The two stories in this month's Shimmer content explore the boundaries between ideas that seem distinct but, upon closer examination, become a bit fuzzy. The space between human and plant, waking and dreaming, shadow and body, male and female. The stories dive into the ways that categories sometimes fail, that treating things with scientific distance sometimes means losing the real point. They are moving and complex stories of magic budding into our world and so I'm going to jump right into reviewing them!
|Art by Sandro Castelli|
"Only Their Shining Beauty Was Left" by Fran Wilde ( words)
This is a story about transformations. About longing. About becoming something other than the traditional flesh of humanity. In a literal sense it's about a scientist who never gets much of a chance to follow her true desires because she is railroaded and bullied into doing things for others. For me, mostly. But Dr. Ganit is a biologist with an interest in plants, and when people start turning into them she's drawn into the study, even though what she seems to want is to transform herself, to join into this movement toward the botanical. The story unfolds as she studies the phenomenon, which isn't exactly a disease or an affliction. It touches everything, people panicking but even so the changes seem to reveal something about the people. And it puts them wholly beyond the reach of those trying to contain them. They grow through their containers, through the homes and the universities. Through the stress and the categories and the walls. It's a lovely story and one with a slowly building power and desperation, an urge to understand but also to surrender into something that is so huge and so different. [SPOILERS] For Dr. Ganit, as far as I read the story, she wants to join in but can't quite set aside the human bark she's had to grow. She wants to become a tree but fears that it will make her vulnerable and she has such good defenses that it takes a long time to drop them in order to dream of something different, in order to let the natural in. It's a wonderful story with a strong sense of the strange that makes for a creeping and captivating read!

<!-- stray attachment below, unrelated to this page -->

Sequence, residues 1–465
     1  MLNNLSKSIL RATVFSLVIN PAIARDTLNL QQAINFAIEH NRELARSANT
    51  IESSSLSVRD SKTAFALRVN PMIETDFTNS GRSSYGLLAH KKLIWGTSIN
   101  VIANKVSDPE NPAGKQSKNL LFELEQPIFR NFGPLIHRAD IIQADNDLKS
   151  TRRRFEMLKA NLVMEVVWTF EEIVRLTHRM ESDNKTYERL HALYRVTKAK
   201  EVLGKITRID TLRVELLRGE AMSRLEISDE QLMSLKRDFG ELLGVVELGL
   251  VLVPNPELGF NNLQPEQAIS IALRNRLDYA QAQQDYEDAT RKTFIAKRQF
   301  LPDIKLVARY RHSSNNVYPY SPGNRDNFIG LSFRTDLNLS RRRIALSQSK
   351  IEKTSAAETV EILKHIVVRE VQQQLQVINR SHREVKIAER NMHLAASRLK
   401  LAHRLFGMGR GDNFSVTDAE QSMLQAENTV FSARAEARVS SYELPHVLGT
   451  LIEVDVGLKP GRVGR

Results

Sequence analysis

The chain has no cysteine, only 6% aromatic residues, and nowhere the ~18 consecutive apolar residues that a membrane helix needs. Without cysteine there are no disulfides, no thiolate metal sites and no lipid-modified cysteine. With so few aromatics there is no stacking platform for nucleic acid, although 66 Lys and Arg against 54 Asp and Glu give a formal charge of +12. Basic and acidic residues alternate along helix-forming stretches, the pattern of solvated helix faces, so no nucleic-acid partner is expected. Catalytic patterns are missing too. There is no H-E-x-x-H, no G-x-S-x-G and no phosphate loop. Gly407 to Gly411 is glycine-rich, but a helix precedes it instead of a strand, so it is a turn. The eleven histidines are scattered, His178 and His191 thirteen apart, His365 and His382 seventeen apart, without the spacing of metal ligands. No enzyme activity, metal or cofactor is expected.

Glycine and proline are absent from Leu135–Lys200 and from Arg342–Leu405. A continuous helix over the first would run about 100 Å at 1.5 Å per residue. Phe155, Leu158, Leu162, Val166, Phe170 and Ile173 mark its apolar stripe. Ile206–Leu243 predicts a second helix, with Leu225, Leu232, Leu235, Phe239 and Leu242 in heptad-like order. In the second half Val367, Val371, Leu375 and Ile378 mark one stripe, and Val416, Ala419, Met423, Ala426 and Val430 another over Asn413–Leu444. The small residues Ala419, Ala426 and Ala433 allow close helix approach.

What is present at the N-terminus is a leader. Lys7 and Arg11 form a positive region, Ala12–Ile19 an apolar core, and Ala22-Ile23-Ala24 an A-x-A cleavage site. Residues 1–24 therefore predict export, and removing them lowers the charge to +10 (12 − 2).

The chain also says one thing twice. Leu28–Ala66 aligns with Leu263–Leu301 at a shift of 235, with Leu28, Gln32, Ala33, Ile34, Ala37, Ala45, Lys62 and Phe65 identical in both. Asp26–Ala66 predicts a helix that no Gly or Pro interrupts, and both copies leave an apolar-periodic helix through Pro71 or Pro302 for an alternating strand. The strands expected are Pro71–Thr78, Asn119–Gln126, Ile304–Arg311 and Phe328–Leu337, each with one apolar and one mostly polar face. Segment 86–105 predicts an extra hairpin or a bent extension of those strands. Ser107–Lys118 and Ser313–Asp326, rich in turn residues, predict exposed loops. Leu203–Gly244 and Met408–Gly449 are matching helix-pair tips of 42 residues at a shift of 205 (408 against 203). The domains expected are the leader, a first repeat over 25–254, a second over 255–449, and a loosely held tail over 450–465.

"Shadow Boy" by Lora Gray ( words)
This is a rather difficult story (with trigger warnings for self harm) about identity and gender and shadows and bodies. And it requires, I think, a very careful examination on my part so that I don't misgender the characters involved. The character is introduced as Prudence, though the name is one given and not one taken freely. The name, like the body that they were born with, doesn't fit the main character, who has to deal with erasure and transmisogyny and all sorts of uncomfortable crap from their family. It's a story of class, too, with the main character having to move because of eviction, brought to a city that seems hostile even as they grapple with the gender identity and expression. The story brings in its magical element in the form of a shadow, a shadow boy to be specific, and a strange entity known as Peter who might be like Peter Pan but who might be something completely different. Peter is at the same time a child and a hungry force wanting to take the shadow boy for himself. As for the main character, I feel the strong implication that they identify as a trans man but they never really come out and say that so it's more open. That gender is being complicated here is obviously one of the main thrusts of the story and to me it feels to simplistic to just slap a label on the main character and move on. Because the main character's journey, their questioning, exists in a place where they haven't quite decided what fits. What works. The ending feels like the main character finally stepping into themself, embracing who they are, and yet where that will take them I'm not wholly sure. Whatever the case it is a moving and magical piece about despair and hope and it's very worth checking out. Indeed!